Azusa Yumi

From Wikipedia, the free encyclopedia
Jump to navigation Jump to search

An azusa yumi (梓弓), is a sacred bow (yumi) used in certain Shinto rituals in Japan, as well as a Japanese musical bow, made from the wood of the Japanese azusa () or Japanese cherry birch tree (Betula grossa). Playing an azusa yumi forms part of some Shinto rituals; in Japan, it is universally believed that merely the twanging of the bowstring will frighten ghosts and evil spirits away from a house. In Japanese poetry, the word azusa yumi functions as a makurakotoba ("pillow word", a kind of epithet).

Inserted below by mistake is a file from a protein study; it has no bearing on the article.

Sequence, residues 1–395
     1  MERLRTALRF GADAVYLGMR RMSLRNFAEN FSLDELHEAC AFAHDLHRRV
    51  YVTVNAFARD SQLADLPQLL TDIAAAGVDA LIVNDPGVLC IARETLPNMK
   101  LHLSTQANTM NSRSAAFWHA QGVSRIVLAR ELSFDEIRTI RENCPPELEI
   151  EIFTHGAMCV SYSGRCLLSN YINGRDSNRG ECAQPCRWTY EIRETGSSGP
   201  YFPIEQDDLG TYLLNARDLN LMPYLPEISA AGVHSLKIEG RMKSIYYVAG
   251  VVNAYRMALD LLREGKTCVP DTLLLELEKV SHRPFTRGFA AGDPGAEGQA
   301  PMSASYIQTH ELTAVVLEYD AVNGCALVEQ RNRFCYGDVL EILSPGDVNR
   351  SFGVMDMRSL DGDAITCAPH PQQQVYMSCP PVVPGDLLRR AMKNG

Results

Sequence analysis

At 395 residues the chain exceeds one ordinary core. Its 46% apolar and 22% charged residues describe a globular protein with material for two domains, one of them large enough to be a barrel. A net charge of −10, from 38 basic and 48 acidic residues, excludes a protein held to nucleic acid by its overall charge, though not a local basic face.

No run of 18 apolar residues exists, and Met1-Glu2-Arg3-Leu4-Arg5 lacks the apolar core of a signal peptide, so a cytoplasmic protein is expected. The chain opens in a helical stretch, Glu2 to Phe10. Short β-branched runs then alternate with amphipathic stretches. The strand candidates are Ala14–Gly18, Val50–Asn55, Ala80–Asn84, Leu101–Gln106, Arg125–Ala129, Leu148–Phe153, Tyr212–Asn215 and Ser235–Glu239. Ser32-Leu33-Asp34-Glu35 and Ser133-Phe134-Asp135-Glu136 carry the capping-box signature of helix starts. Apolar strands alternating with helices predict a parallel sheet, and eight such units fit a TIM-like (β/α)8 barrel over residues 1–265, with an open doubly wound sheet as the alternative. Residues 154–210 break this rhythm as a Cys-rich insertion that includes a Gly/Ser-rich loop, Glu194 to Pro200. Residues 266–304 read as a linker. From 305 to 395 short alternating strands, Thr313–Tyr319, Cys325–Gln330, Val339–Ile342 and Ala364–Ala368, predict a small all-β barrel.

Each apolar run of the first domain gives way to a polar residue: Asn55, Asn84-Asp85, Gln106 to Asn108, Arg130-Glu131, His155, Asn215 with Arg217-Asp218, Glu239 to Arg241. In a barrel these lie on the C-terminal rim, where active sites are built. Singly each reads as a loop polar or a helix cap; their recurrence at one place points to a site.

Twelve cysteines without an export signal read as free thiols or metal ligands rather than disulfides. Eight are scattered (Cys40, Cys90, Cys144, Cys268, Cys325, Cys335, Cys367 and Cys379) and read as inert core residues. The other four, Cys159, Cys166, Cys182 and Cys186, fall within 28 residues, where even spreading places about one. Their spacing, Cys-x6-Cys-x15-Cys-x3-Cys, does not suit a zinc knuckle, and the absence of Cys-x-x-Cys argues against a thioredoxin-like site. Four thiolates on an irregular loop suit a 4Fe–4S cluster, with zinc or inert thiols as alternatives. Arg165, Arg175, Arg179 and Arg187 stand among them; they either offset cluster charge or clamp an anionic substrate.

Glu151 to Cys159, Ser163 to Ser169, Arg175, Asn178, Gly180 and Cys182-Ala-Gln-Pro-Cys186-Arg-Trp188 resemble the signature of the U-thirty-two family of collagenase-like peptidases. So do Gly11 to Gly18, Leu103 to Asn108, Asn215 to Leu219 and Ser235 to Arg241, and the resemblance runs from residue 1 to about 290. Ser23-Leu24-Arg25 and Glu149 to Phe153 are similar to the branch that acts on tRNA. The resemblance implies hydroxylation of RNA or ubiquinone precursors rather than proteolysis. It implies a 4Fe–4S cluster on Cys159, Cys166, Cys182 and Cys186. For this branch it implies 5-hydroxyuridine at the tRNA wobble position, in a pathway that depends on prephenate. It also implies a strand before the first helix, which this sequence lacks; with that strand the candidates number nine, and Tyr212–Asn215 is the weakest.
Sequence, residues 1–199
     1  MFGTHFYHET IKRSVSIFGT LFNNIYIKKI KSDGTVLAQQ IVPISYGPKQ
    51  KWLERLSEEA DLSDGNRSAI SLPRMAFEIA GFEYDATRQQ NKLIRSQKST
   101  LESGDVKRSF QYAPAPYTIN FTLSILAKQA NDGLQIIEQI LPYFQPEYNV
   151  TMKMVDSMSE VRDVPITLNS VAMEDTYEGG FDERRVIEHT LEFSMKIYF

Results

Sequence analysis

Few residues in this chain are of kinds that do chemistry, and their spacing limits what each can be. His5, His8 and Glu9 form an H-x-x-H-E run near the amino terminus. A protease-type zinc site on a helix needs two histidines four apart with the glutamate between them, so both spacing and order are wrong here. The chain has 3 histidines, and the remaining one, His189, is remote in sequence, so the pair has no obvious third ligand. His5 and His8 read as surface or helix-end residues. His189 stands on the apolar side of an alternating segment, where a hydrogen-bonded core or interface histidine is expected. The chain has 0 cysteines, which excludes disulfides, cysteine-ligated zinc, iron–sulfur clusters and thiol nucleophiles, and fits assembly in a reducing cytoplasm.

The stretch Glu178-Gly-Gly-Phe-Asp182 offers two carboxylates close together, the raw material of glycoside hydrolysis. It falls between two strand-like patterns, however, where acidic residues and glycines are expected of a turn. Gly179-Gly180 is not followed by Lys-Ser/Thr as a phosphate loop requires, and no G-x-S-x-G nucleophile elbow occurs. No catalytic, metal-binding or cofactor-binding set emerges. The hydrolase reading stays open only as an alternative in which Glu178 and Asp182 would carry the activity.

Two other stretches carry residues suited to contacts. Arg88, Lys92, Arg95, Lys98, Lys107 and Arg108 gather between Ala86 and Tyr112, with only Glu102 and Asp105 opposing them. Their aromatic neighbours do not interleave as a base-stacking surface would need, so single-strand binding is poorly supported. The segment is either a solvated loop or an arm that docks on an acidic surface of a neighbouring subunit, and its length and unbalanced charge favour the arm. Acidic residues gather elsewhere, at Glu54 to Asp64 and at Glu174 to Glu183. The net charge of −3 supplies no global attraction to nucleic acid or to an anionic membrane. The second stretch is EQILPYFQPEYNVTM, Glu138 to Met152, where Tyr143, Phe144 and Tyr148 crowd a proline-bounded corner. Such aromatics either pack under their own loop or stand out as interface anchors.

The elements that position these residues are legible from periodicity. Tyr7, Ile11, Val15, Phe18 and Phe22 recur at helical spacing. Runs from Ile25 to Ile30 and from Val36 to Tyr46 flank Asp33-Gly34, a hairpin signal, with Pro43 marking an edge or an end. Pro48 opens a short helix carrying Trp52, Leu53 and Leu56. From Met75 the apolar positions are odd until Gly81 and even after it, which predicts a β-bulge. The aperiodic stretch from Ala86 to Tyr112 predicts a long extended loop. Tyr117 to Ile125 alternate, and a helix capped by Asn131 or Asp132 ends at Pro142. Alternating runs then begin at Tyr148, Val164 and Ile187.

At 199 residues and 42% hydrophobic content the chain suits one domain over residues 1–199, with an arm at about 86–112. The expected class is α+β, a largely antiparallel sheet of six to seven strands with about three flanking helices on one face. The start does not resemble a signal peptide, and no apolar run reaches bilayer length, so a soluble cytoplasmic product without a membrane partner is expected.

The story is told in Japanese mythology that a golden bird perched on the bow of Emperor Jimmu, the great-grandson of the sun goddess Amaterasu, and the first human ruler of Japan; this was seen as an extremely good omen; Jimmu's bow developed the power to dispel evil by the mere plucking of its string. His bow was made of azusa wood, specifically the Betula grossa or Japanese cherry birch.

Since that time, 59 azusa yumi (29 vermilion and 30 black - vermilion signifying male energy and black female energy) have been enshrined at the Ise Grand Shrine,[citation needed] Japan's most important Shinto shrine and the main residence of Amaterasu, they serve to protect and purify the shrine's sacred inner chamber. These bows that are enshrined at Ise become Goshimpo-yumi (Great Treasures of the Gods); every twenty years the inner chamber of the Shrine is renewed and new offerings are made — including the Goshimpo-yumi.

See also[edit]